The new year can be a time of fresh starts, and one way is journaling. Julia Cameron of The Artist’s Way recommends writing three pages long-hand before you’re fully awake in the morning.
Why? Because you dump irritation, bad feelings, complaints onto the pages usually, and then you begin your day, and a lot of what would have muddied the hours is on those pages, rather than carried outward with you. It’s as if you’ve been heard. And writing three pages every morning creates discipline. (And more, but you’ll have to find out about that by going to her website.)
A lot of people are doing gratitude journals. A blog I read recently spoke to this topic with words from Nicoletta Baumeister: “Gratefulness thoughts in the morning light are about the setting of the daily lens. What will we take in, what will we seek and what is today’s sense of self? Feeling grateful puts my feet on solid ground, able to work out the next step; whereas, asking what I don’t have sets my day on a frantic course.” She ends her day in an interesting way, too: “A poem, haiku or a small drawing at night has the effect of driving all other thoughts away. The narrowed focus and purity of intent creates a sense of calm after a day of supersaturated activity. It also affords feelings of satisfaction, job well done, if only in the tiniest work, so that I slip seamlessly into excellent sleep. Too many people out there have insomnia!”
Another way to journal is from wonderful Dr. Rachel Naomi Ramen, who counseled a successful but burned-out doctor in one of my favorite books, Kitchen Table Wisdom, to find again these three things in his days: what inspired him, what surprised him, what touched him. I’ve done this one for a long time, and it has transformed journal entries from junior high whining to memory rushes with sweetness.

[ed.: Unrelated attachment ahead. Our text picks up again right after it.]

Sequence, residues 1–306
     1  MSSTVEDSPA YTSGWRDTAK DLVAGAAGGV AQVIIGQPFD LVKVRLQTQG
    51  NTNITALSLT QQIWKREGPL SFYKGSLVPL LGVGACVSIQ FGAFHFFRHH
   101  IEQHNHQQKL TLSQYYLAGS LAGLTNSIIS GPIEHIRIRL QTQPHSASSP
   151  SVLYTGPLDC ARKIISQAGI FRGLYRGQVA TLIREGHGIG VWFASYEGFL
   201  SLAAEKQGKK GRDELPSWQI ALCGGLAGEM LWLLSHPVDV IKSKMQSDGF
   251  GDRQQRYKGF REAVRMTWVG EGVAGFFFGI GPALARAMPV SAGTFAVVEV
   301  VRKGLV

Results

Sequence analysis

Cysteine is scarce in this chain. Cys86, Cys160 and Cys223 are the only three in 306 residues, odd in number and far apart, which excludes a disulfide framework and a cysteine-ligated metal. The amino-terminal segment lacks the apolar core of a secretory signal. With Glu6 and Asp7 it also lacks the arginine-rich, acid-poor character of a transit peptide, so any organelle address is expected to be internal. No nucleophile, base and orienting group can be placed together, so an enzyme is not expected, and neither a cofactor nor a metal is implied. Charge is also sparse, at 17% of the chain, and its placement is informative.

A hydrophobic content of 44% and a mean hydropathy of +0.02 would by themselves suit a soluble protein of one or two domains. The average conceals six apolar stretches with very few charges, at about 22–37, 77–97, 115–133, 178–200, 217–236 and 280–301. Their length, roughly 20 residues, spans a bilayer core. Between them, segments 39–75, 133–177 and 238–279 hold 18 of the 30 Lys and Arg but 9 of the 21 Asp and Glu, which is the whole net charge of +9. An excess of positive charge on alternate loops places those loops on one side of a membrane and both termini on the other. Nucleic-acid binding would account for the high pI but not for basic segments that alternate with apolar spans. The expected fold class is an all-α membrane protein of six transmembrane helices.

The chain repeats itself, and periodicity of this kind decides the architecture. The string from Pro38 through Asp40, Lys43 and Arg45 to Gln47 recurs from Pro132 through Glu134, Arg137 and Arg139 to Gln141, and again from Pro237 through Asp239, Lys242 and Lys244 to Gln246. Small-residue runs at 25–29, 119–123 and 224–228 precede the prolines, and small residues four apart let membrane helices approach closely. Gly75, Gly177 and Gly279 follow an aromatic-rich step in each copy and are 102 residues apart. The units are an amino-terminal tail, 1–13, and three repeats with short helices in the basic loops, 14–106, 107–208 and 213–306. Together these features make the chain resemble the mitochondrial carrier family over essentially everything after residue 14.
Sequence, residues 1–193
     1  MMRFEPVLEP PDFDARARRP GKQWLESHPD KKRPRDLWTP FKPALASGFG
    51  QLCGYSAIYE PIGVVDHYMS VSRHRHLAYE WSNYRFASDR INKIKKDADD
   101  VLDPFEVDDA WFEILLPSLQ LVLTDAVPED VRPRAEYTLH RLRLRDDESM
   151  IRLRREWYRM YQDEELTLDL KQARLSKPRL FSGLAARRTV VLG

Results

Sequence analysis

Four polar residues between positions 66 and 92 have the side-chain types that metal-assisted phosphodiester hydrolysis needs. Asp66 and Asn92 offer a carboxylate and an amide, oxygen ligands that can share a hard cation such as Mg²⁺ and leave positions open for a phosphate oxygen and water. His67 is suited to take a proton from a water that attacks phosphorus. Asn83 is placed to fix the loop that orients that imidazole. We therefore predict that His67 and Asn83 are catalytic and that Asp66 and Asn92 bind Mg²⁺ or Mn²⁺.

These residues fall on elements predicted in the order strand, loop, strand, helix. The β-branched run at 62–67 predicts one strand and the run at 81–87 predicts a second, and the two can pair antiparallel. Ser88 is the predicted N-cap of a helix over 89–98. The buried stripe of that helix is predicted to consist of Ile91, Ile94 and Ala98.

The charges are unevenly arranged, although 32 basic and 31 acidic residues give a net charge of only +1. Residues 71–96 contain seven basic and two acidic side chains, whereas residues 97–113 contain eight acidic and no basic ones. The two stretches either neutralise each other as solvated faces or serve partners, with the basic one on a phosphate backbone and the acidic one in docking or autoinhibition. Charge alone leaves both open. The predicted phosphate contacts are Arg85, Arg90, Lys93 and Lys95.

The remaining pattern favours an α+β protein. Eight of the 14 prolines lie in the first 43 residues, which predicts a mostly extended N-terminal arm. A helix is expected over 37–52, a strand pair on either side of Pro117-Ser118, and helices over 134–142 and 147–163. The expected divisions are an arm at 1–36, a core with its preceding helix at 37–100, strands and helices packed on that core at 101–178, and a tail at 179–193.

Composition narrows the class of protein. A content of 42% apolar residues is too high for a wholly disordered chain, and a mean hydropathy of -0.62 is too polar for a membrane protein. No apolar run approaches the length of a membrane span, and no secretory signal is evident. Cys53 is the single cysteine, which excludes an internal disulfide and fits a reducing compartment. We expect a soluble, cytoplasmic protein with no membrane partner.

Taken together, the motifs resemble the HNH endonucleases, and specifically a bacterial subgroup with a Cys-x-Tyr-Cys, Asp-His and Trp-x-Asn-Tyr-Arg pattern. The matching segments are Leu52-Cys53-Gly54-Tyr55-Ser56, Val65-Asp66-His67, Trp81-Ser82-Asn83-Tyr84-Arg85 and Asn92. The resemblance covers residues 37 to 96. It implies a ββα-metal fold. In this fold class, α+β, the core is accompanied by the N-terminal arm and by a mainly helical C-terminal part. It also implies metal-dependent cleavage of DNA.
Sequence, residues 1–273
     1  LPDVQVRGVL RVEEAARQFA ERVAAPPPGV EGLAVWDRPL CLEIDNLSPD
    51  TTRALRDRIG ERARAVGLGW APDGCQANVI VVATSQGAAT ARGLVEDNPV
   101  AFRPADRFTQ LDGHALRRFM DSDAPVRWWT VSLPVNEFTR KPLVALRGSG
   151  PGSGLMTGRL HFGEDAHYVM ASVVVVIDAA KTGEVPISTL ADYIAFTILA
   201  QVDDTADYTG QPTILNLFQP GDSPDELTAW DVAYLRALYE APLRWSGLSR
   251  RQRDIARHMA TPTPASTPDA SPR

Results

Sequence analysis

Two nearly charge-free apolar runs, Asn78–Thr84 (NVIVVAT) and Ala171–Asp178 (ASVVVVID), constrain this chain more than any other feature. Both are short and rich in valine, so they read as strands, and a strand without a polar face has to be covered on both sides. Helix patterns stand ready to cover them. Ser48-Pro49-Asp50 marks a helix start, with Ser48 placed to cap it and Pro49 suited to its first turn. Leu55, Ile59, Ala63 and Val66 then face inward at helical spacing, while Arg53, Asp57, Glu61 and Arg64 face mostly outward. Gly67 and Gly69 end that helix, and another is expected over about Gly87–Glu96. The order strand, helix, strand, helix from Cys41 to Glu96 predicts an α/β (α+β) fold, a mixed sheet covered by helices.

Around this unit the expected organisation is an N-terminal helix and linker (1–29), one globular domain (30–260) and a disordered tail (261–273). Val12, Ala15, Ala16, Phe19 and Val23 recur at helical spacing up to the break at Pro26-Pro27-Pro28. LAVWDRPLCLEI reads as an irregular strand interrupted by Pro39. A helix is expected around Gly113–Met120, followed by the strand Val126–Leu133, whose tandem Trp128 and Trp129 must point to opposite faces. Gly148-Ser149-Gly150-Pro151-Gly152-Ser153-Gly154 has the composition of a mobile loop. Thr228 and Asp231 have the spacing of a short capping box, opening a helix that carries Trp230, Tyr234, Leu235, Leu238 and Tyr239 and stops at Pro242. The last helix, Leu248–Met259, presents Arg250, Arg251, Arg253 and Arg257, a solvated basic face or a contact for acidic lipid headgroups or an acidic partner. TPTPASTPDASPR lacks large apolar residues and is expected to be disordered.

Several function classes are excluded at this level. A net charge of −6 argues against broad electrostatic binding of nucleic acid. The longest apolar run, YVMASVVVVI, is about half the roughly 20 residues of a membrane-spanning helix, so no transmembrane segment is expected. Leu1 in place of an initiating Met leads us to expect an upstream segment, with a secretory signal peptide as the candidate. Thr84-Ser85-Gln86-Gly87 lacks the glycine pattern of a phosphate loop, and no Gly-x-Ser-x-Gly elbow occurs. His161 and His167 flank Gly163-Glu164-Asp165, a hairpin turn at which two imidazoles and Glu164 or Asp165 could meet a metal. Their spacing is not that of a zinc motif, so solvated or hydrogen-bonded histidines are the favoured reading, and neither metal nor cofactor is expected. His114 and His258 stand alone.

And that, my dears, is what I want to take forward into this long day’s journey into night, into this particular new year in the journey, into aging, the only way forward in the journey: sweetness. What do you want?
Thank you. Ironic how tely this message
I like the ideas set forth by Baumeister and Ramen. If I spend too much time writing about bad feelings and complaints, a la Cameron, I can write myself into a nasty mood. Looking for something positive, writing a haiku, creating small art sounds helpful. Thanks for the links.
I want to try Dr. Ramen’s idea. What inspired, surprised, touched! I like that way of thinking. Many thanks for this idea.
Thanks for reminding us about Cameron’s “morning pages.” I fell off the wagon. I find that when I do that, it burns the irritations and petty thoughts off the top so I can focus.
This year I want to be faithful with a daily gratitude list. I find the gratitude list especially critical when I’m feeling scared about money or not feeling abundant. I list 10 things I’m grateful for today. On hard days it might be “I’m so grateful that I have food in the fridge. I’m so glad I have a nice home.” On better days it won’t be so “survival mode.” For me it’s important to write “I’m so thankful for,” or “I’m so grateful for,” on the front of each one. Not just the bare list. I find I need the repetitive gratitude expressions, especially when I’m faking it till I make it.
I then list 10 things I want to manifest. I’m so practical and “bottom line” that I have a hard time pretending they already exist. Yet I hear it’s the energy of it that’s important. So I write (with enthusiasm!) “I can’t WAIT until I pay off x debt.” or “The new and fun work opportunity is RIGHT around the corner.” or “It’s going to be amazing when I can choose to buy a new car!”
Perhaps if I do this daily, even when not freaked out about income, I’ll stay out of money fear!
Denice, I like what you said about Julia Cameron. You express it better than I did…it does burn off irritations and petty thoughts……
After 9 years of (mostly) daily Morning Pages, I’ve switched to Evening Pages. My head’s clear of the day’s toxicity so dreamland is sweet. In the morning, I list 5 things in my Gratitude Journal and it starts the day better. Regardless of what ends up on any of my pages, these daily bookends generate better moods, increased productivity, and overall better living. Nothing like shaking up old patterns!
Morning Pages don’t work for me — early morning, before I’m “tainted by the day” is when I do my best fiction writing. So I pour that onto the page first, and write my journal entries (which add up to more than three pages, usually) later in the day. But daily writing is important, I believe! 😉